Seymour Duncan has introduced the Liberator, a new, universal solderless pickup change system for bass and guitar. The unit is a bare-wire lockdown system with a volume pot, and works with virtually all passive pickups. With the Liberator installed, changing pickups only requires a mini screwdriver.
The process of installing new pickups with Liberator is simple. The bare-wire ends of the pickup leads insert into color-coded lockdown connectors on the Liberator. With the turn of each station’s screw, a metal clamp secures the leads without the need for solder.
Liberator with Volume Pot is available in 250kΩ and 500kΩ versions for single-coil and dual-humbucker guitars, each for a U.S. retail price of only $35. In early 2011, Seymour Duncan will offer more completely wired, easy-install versions of the Liberator system, including pre-connected volume-and-tone wiring harnesses and pre-wired pickguards.
The company says Liberator is “akin to a telephone switchboard or studio patch bay, where easy-insert plug-in stations up front correspond to hard-wired connections behind the scenes. Liberator has two patch bays: The ten-station Pickup Connector and the four-station Potentiometer Connector.”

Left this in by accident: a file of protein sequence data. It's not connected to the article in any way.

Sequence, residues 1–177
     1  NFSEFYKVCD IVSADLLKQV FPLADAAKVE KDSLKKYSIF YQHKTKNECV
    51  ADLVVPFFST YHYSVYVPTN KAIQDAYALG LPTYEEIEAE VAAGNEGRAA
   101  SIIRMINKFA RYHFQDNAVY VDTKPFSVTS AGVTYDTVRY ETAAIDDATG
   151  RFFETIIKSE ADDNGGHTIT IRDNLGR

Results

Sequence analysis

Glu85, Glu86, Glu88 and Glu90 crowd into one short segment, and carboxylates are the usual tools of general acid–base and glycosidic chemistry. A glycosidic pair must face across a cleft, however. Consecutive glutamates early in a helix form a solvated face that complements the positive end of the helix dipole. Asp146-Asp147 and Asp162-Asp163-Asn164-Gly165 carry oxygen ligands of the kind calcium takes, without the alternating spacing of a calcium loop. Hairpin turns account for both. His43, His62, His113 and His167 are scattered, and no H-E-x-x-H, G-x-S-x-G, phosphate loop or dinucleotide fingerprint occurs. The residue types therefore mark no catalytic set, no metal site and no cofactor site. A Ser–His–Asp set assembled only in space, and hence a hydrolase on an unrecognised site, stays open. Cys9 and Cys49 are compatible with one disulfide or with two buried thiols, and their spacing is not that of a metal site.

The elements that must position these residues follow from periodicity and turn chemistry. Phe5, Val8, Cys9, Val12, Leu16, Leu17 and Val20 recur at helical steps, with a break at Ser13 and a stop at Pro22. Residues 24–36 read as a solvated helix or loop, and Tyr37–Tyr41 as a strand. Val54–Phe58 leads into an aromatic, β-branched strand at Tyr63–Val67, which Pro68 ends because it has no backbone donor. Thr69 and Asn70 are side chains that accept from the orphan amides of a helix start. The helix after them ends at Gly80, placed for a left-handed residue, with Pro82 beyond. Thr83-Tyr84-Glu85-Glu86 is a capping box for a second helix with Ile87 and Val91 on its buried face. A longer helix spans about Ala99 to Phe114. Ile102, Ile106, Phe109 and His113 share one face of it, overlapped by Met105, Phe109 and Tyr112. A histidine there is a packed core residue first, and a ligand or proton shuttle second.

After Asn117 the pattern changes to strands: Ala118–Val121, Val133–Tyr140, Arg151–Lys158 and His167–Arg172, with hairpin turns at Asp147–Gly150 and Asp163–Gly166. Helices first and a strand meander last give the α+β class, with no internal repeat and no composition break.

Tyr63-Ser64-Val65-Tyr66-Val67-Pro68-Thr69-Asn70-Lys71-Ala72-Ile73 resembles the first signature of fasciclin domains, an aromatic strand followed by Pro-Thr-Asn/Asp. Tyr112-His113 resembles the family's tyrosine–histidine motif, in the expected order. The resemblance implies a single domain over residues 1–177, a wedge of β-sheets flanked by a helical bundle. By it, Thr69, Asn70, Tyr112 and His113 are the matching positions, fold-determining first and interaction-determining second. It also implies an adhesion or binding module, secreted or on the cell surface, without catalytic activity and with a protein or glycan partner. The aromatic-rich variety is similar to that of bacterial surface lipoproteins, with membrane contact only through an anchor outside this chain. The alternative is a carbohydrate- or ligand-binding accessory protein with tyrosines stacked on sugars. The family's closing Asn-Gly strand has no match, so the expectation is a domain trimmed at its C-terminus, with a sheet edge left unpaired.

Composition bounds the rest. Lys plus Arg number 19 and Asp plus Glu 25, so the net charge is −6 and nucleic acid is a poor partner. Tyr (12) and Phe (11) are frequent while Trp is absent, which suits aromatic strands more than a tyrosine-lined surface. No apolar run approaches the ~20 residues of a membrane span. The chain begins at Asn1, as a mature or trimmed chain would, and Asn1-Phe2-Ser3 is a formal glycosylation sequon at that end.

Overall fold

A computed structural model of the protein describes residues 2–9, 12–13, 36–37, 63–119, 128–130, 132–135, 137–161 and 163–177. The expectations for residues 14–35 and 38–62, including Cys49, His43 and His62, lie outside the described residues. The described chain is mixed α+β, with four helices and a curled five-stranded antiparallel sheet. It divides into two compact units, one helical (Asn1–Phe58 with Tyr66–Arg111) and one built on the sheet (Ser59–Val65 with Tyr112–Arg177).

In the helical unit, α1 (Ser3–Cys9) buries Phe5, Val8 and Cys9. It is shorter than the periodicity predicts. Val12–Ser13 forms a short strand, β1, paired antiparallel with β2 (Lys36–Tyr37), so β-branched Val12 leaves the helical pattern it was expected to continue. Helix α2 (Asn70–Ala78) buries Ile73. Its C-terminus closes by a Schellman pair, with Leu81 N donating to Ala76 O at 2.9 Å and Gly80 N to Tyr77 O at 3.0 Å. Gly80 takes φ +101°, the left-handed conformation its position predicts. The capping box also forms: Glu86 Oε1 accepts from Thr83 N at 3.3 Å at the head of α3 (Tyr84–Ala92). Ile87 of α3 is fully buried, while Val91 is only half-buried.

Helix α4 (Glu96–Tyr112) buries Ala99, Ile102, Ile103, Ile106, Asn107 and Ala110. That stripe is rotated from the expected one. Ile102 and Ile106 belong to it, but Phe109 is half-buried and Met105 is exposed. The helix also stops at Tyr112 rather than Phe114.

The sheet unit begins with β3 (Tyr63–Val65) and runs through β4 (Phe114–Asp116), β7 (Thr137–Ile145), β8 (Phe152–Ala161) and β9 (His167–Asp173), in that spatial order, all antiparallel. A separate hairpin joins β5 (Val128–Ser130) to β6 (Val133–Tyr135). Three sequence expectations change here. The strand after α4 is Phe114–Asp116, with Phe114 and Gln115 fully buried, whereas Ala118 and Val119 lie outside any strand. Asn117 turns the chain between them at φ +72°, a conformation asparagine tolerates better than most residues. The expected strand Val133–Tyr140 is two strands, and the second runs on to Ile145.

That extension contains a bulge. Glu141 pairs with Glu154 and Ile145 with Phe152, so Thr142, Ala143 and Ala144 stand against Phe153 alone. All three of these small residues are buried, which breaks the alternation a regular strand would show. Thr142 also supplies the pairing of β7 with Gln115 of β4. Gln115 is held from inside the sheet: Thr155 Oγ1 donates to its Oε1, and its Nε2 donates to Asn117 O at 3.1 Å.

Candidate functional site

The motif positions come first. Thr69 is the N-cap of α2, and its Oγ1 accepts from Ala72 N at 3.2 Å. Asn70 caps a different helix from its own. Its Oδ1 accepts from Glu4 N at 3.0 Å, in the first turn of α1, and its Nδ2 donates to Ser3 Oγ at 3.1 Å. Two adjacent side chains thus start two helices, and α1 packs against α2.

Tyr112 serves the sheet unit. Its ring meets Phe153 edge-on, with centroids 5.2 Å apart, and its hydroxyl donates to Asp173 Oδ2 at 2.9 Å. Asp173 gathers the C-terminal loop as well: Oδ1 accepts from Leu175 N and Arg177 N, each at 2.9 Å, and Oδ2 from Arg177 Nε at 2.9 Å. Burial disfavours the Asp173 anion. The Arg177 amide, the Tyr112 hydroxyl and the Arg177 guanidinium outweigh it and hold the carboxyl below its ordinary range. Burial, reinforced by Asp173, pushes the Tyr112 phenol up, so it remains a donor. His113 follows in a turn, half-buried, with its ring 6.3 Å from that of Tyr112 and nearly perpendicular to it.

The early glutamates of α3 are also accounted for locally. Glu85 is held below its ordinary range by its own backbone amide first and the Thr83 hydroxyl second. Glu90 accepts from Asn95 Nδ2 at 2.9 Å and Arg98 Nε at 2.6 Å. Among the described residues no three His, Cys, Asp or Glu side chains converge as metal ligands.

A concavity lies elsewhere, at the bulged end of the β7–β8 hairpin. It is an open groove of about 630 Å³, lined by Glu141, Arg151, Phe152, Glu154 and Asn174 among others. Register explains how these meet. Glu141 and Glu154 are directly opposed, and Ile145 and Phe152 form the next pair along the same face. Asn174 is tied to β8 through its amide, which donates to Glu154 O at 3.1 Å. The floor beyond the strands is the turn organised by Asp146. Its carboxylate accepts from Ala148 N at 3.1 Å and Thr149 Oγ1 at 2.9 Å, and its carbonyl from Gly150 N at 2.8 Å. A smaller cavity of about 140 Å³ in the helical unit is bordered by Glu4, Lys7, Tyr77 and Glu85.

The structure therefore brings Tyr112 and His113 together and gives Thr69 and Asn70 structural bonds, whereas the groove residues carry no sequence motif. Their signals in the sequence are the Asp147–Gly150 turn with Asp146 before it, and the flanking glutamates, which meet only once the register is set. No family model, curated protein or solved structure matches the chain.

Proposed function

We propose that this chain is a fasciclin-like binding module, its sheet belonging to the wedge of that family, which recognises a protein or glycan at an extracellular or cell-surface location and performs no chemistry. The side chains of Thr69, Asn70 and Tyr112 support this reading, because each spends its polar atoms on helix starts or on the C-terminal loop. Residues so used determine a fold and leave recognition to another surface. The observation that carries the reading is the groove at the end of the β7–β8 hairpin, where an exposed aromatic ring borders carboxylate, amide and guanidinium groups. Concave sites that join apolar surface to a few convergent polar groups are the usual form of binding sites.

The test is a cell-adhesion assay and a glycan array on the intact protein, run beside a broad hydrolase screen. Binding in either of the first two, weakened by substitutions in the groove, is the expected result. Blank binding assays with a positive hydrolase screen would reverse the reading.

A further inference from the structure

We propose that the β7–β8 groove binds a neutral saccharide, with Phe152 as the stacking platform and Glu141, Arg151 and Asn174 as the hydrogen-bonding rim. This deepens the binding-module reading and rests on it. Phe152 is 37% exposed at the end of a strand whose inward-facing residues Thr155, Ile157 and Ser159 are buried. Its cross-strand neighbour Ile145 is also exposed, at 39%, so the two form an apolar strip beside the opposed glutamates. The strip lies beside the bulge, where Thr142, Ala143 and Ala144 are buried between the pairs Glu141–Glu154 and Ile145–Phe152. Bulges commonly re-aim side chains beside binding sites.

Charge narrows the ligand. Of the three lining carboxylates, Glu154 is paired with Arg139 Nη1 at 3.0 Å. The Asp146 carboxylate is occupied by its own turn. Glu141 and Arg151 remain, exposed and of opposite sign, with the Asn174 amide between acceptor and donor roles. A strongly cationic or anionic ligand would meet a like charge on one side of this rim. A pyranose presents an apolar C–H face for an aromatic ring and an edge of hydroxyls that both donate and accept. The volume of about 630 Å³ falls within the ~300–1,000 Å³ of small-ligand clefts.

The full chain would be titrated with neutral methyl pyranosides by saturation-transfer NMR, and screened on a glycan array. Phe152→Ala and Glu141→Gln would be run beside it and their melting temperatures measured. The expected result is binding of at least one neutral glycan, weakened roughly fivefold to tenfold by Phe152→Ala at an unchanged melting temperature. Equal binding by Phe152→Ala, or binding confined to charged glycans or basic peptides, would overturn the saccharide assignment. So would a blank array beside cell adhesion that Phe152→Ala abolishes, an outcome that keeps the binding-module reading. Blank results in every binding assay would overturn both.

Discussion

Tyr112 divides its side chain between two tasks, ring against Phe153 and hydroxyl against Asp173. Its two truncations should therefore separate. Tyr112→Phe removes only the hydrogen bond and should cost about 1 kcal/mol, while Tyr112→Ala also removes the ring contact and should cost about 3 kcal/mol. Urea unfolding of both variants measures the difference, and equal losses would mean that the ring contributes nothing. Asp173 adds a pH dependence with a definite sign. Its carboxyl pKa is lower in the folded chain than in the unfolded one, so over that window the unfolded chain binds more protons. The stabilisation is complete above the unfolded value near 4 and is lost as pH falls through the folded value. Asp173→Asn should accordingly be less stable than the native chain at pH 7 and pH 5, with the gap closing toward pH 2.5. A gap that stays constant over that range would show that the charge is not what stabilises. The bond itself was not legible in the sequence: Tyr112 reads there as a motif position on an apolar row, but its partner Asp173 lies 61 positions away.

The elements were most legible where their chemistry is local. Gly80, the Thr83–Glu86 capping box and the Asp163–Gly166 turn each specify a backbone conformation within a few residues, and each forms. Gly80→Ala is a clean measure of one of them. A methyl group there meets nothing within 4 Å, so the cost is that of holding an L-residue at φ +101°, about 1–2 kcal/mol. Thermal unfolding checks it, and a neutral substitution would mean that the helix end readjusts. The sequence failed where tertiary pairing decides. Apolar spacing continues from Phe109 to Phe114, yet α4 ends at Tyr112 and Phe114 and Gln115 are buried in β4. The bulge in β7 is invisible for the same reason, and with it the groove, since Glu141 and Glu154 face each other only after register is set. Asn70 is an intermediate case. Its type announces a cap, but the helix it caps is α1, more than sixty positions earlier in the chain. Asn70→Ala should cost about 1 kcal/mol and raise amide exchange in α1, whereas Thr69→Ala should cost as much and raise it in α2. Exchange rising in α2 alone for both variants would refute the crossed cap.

The Pickup Connector’s ten stations directly match the connections of two four-wire humbucking pickups, plus the shield wire, which goes to ground. The colors of the adjacent outbound wires correspond to Seymour Duncan’s humbucker wiring color scheme, but an included color-code guide makes it easy to install pickups from other companies that use different color schemes, as well as single-coils, and single-coil and humbucker combinations.
For the Potentiometer Connector, three stations correspond to the three lugs on a volume pot—input, output, and ground—with an additional ground for bridges or tremolo systems. For those who like soldering and only want to use the Liberator’s Lockdown stations to connect pickups, there are gold-plated solder points for input, output, and ground, plus seven additional gold-plated ground pads, which are designed to be much easier to solder than the back of a potentiometer.
For more information, visit Seymour Duncan’s website.